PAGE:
As the Union Pacific Railroad was pushing west to link up with the Central Pacific Railroad, as part of the First Transcontinental Railroad, they sent logging crews into the Snowy Range, in the Medicine Bow Mountains, to cut down timber (mainly Lodgepole Pine) for railroad ties. A work camp was built on the site of the town. After they had completed most of their work and the workers started having conflicts with area Indians, the crews left the area. After the area was opened to homesteaders a few ranchers returned to the area.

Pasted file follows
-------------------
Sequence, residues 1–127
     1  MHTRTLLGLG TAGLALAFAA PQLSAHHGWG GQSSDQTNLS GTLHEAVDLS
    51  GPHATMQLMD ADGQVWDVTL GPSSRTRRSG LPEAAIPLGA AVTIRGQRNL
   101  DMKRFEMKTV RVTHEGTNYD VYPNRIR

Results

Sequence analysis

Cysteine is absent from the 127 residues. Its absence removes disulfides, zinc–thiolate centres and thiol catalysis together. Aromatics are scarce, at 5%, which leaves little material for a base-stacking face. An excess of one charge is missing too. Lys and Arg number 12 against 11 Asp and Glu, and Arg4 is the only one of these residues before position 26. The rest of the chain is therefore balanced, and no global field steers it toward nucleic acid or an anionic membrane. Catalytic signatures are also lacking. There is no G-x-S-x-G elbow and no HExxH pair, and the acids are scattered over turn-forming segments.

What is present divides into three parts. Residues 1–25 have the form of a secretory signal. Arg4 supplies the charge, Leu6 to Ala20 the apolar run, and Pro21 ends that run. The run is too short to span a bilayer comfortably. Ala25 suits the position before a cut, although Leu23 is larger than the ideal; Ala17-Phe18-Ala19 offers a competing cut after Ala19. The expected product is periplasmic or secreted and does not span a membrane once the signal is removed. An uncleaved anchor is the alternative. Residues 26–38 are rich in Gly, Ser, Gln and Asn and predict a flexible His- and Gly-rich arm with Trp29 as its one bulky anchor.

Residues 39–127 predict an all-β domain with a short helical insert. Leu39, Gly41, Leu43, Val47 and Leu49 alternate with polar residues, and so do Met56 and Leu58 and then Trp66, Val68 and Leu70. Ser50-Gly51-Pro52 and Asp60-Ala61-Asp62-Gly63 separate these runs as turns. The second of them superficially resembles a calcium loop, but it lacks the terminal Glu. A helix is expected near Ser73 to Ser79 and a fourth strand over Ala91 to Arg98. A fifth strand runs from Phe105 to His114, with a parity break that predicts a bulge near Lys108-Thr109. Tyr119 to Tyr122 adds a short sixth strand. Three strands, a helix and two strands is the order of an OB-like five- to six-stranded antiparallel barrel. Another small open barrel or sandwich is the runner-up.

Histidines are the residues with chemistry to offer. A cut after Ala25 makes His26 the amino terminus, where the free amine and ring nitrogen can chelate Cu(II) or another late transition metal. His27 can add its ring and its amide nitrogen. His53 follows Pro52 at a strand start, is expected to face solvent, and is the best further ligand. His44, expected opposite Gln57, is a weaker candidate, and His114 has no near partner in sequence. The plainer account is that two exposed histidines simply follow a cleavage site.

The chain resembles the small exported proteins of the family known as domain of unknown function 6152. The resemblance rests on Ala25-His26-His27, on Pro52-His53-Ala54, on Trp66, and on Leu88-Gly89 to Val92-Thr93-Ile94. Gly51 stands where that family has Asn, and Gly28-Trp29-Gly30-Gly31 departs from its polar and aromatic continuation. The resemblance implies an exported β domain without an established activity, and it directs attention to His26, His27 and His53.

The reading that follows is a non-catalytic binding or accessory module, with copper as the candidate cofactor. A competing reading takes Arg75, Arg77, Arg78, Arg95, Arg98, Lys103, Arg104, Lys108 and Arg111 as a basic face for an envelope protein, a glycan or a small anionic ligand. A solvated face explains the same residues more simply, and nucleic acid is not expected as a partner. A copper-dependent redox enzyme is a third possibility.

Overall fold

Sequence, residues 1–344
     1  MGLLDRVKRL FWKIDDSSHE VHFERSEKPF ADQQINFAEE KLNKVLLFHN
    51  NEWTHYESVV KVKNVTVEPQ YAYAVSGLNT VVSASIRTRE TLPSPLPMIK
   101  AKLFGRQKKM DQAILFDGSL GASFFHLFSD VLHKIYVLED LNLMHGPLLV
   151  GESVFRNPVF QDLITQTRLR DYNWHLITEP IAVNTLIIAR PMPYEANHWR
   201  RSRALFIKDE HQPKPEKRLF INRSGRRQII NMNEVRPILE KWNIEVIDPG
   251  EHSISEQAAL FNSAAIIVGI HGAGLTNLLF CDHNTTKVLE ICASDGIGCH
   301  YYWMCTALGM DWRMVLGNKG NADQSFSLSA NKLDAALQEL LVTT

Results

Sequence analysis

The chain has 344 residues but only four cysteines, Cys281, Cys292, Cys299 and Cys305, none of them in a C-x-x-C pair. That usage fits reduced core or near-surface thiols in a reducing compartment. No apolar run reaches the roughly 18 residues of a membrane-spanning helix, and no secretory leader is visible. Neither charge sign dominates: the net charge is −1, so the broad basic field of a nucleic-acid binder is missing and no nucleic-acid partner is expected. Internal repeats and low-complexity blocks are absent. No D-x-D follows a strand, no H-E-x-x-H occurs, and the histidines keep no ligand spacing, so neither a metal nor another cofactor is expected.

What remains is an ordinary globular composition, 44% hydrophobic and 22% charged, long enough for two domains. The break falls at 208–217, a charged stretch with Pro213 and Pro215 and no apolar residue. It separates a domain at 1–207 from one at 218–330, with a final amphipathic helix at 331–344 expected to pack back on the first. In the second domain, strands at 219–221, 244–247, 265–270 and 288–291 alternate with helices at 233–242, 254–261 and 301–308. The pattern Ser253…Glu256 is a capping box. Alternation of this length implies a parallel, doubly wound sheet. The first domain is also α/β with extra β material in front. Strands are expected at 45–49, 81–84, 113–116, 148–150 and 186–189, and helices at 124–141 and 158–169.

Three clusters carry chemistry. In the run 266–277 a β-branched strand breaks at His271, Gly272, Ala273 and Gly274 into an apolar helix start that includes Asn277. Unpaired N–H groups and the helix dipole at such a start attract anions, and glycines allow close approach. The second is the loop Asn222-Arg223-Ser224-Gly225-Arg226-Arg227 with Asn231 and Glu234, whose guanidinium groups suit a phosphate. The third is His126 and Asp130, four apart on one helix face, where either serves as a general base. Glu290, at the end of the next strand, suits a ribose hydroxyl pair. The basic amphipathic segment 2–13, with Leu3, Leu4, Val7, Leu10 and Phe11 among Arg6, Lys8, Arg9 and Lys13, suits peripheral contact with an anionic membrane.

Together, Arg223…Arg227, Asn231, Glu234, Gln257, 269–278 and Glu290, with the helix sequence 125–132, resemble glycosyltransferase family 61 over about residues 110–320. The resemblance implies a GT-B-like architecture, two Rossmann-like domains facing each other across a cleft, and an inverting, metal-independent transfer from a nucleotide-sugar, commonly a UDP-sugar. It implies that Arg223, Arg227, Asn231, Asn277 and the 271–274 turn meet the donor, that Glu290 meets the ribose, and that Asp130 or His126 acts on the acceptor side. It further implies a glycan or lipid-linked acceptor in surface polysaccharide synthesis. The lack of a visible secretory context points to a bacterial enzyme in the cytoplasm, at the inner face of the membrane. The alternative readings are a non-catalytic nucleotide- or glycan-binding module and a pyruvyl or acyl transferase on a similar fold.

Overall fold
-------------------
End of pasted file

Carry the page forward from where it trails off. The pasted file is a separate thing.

Men working for I. P. Lambing (superintendent at the mine) of Golden, Colorado and Colonel Stephen W. Downey (a lawyer and president of what would become Centennial Gold Mining Company) of Laramie, Wyoming, discovered gold on what would become Centennial Ridge on Centennial Mountain in 1875. As miners and prospectors started coming to the area, to work the Centennial Mine (also called the Downey Load and Centennial Vein), they reestablished a community on the old work camp site in 1876 and named the town Centennial in honor of the 100th anniversary of the signing of the Declaration of Independence and founding of the United States. Most of the gold was stripped from the mines by 1877, but the town was now established and merchants who came to serve the miners stayed to serve the nearby ranchers.